Do We Have A Depression In America?

Forget recession. Is America in the midst of a full-blown, no joking, outright depression?

“If the notion that we are merely living through the aftereffects of a mere ‘recession’ that ended in 2009 sounds somewhat ridiculous, that’s because it is,” says Richard A. Posner, a federal judge and law school lecturer based in Chicago. “If we were being honest with ourselves, we would call this a depression. That would certainly better convey both the severity of our problems, and the fact that those problems have no evident solutions.” (See: Let’s Be Honest: We’re in a Depression, Not a Recession, And There’s No End In Sight, August 22, 2011)

Posner is an authority on both the law and economics, a man widely cited for his insight and analysis.

So is Posner right?

We usually think of a “recession” as a period when there have been straight quarters of economic decline. A “depression” is something worse. It’s a 10 percent drop in the gross national product or a decline that lasts at least three years, according to The Economist.

But forget academic definitions. When a large percentage of the population is hurting it’s a depression.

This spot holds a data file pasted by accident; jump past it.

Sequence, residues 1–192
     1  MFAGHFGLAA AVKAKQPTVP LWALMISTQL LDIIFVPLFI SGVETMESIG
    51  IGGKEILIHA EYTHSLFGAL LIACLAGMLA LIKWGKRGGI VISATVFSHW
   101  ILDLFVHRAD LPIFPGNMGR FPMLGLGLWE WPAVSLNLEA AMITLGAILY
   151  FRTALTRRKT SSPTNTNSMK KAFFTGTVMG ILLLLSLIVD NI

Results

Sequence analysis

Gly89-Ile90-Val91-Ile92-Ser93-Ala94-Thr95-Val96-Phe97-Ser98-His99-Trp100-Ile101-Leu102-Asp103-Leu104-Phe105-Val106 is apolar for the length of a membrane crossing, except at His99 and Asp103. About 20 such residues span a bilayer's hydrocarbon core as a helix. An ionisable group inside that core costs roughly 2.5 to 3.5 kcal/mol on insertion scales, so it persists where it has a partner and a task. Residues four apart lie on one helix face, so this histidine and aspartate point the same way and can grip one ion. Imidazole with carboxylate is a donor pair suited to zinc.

1. If you’ve lost your job it’s a depression.
  2. If you’re underpaid because you’re afraid to leave your job it’s a depression.
  3. If your mortgage debt is bigger than the value of your home it’s a depression.
  4. If you’ve saved for years and now your nest-egg produces virtually no income because interest rates are near zero it’s a depression.
  5. If you don’t have health insurance and break your arm it’s a depression.
  6. If you can’t send your kid to college even with two scholarships it’s a depression.
  7. If your kid graduates from college and can’t get a job it’s a depression.
  8. If your company no longer has the skills or equipment to fix something made in America 30 years ago it’s a depression.
  9. If you’re a government worker with 20 years on the job and your governor thinks money can be saved by reducing your benefits or eliminating your position, it’s a depression.
  10. If your company wants to increase shareholder returns by downsizing, rightsizing, reorganizing, or restructuring it’s a depression.
  11. If corporate leaders get executive bonuses and your salary is frozen it’s a depression.
  12. If your employer is making big profits, paying almost no taxes and cutting back your benefits and hours, it’s a depression.
  13. If you’re a skilled employee and you must compete with workers overseas who make 75 cents an hour, it’s a depression.
  14. If you’re a farmer and your crops lack water it’s a depression.
  15. If your law firm has cut back on its professional staff, if your college no longer grants tenure, if the human resources department has 500 resumes for your job, it’s a depression.

What do you think? What’s your definition of a depression? Please add your comments below.

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6 Comments on "Do We Have A Depression In America?"